Weaving Drafts

I thought weaving drafts were confusing at first, but once you understand them they really tell you a lot.

weaving drafts

How to Read Drafts

There are four parts to a draft chart.

Threading
A long horizontal grid, tells you how to thread the heddles. The rows represent harnesses. Start counting from the bottom.
Tie-up
A grid that is usually 6 blocks across to represent the six treadles and 4 or 8 blocks high to represent the number of harnesses or shafts. It tells you how to combine the harnesses so they rise together when a foot treadle is pressed.
Treadling
A long vertical grid down the side that tells you how to raise the harnesses in pattern.
Draw-down
If shown, the area depicting the woven pattern. This is usually only the pattern of the fabric threads and has nothing to do with the yarn colors.

If you want to manipulate weaving patterns on the computer (.WIF files), download WeaveDesign for free or with a donation to the nonprofit guild. I have tried it, and it's really easy to use.

Links to Free Weaving Drafts

Here's my weaving board on Pinterest where I've collected some beautiful free patterns and inspirational photos. You'll also find some DIY loom ideas.

Have you tried any of these or do you have another favorite weaving pattern? Please tell me about it!

You'll still need to calculate the amount of yarn to use and sleying the reed sett. For that, nothing is better than The Weaver's Companion book! I keep a copy on the shelf next to my loom and use it all the time.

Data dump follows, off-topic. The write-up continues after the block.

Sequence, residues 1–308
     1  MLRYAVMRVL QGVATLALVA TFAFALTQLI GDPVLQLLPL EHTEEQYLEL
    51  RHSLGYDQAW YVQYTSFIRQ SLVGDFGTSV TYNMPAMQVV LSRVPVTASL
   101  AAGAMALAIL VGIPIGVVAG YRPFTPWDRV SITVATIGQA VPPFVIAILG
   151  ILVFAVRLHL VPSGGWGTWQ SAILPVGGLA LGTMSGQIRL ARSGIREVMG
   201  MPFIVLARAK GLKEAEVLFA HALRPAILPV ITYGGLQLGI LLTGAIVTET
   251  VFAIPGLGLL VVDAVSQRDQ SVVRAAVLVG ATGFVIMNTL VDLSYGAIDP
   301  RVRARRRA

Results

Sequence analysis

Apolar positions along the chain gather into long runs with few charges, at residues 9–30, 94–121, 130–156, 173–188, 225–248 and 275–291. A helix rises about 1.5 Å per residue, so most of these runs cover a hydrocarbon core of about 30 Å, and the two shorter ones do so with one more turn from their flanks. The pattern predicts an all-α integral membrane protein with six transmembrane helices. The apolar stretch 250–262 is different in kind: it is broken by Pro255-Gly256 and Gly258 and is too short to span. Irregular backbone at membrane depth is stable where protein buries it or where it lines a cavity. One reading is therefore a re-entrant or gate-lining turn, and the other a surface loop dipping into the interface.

How to Keep a Time Log and Project Records

I try to keep detailed records of all my projects in my weaving binder.

I found the form to fill out in Learning to Weave by Deborah Chandler. Some people also weave small swatches to include with the form, but I just use a photo and yarn samples. I draw a little weaving draft to record the pattern and tie up.

It's much easier to pull out a notebook with photos than to track down previous projects and try to measure them for the sett or epi number!

I always keep a time log so I know how long projects take me and how long I've been working on them. I sort of log in and log out when I sit down to weave.

When it's the actual weaving part of the project, I like to use safety pins to mark every 6 inches along one side. It makes it easier to see how far I've woven and how much farther I want to go, as well as track how quickly the project progresses.

More to Explore

weaving terms
weaving looms
wool blanket weaving
weaving patterns


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